The goal of this study was to produce a fouling-resistant membrane by attaching a stimuli-responsive polymer on the membrane surface, which collapsed or expanded as a response to the stimulus. The phase change arises from the existence of a lower critical solution temperature (LCST) such that the polymer precipitates from solution as the temperature is increased. The polymers studied for this application were hydroxypropyl cellulose and N-isopropylacrylamide, which have LCSTs of 46 C and 32 C, respectively.
Roughness measurements, using a wet atomic force microscopy (AFM) cell, and filtration experiments (to monitor flux declines) were performed at cold temperatures (25oC), at hot temperatures (60oC) and with temperature oscillations. The unmodified membrane roughness values were unaffected by temperature changes, and it displayed flux declines under all temperature conditions. When the modified membranes were tested, both roughness values and filtration experiments supported temperature activation.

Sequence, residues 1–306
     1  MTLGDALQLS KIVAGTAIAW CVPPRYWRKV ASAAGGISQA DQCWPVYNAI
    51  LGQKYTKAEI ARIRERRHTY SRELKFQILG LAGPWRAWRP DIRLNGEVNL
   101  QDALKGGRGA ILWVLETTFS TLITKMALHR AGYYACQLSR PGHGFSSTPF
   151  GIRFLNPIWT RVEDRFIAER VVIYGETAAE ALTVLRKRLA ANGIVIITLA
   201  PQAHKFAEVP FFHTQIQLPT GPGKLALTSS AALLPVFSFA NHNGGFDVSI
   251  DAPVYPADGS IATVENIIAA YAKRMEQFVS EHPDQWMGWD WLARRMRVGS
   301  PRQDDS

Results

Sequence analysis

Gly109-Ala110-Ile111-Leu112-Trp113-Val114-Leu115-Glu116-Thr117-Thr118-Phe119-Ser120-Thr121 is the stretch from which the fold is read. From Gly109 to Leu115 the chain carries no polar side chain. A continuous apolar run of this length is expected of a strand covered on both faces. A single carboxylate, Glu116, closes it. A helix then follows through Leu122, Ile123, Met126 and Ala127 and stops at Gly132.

Developing a membrane with high flux and selectivity along with low fouling is one of the goals of membrane research. There are physical and chemical limitations, however, that cannot be disregarded. For microfiltration/ultrafiltration systems higher flux operation requires energy input, in the form of back flushes, air scouring, physical agitation, etc, to reduce fouling. The work presented here developed a membrane with desired inherent properties along with fouling control.